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and collided with the Honda. Shirley LeRoy was killed, and Paul LeRoy, Lewis, and Warnstadt were injured.
¶5 On April 4, 2001, Paul LeRoy, individually and as personal representative of Shirley LeRoy's estate, sued the State and Warnstadt. He alleged that the State owed "the motoring public" a duty of ordinary care to keep the road "in a reasonably safe condition"; that the State had negligently breached that duty because it "knew or should have known that the subject bridge surface would be icy on the morning of February 16, 2000";«1»and that the State's negligence was a proximate cause of the accident. He also alleged that Warnstadt had been negligent in failing to "keep his vehicle within its own lane of travel" and that Warnstadt's negligence was also a proximate cause of the collision.«2»
¶6 The State moved for summary judgment. It acknowledged having a duty of ordinary care to keep the road in a reasonably safe condition - if, but only if, it had " '(a) notice of a dangerous condition which it did not create, and (b) a reasonable opportunity to correct [that condition].' "«3»It claimed that it had not had notice of ice at the time and place of the accident; that it had not had an opportunity to correct that condition; and thus that it could not be held liable. LeRoy responded that the State had actual notice of the icy condition due to weather forecasts and the Department of Transportation's (DOT's) knowledge that bridges are "among the first areas to develop ice."«4»He also claimed that even if the State had lacked actual notice, it had a duty to "exercise ordinary care in the maintenance of its public roads to see to it that they are reasonably safe for ordinary travel,"«5»and that it had negligently failed to anticipate the formation of ice at the time and place of the accident.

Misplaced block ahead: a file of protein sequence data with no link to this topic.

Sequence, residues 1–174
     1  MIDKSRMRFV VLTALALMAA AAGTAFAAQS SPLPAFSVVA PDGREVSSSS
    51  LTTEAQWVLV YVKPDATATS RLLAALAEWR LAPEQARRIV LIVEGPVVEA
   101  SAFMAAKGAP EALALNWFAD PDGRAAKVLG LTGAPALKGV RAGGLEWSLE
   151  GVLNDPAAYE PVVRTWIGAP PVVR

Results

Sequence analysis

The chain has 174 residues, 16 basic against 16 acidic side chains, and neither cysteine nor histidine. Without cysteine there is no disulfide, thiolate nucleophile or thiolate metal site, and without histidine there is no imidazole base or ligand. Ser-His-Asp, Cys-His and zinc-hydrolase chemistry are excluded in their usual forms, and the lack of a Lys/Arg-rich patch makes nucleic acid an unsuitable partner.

«1»Appendix C at 3-4.
«2»Appendix C at 4.
«3»Clerk's Papers (CP) at 5 (quoting Niebarger v. City of Seattle , 53 Wn.2d 228 , 229, 332 P.2d 463 (1958)).
«4»CP at 50.
«5»CP at 59.
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¶7 The trial court found no evidence that the State had actual knowledge of the icy condition prior to the accident, and it rejected LeRoy's contention that the State could be liable in the absence of notice and opportunity to correct. It reasoned in part:
The State has a duty to exercise ordinary care to maintain public highways in a reasonably safe condition for ordinary travel. In cases where it is alleged that an accident has been caused or contributed to by accumulations of snow or ice on public roadways, our courts have repeatedly held that the state or municipality responsible for the roadway is liable for a dangerous condition created by snow or ice onlyif it has notice of the condition and a reasonable opportunity to correct it.«6»
The trial court granted the State's motion, and LeRoy brought this appeal.«7»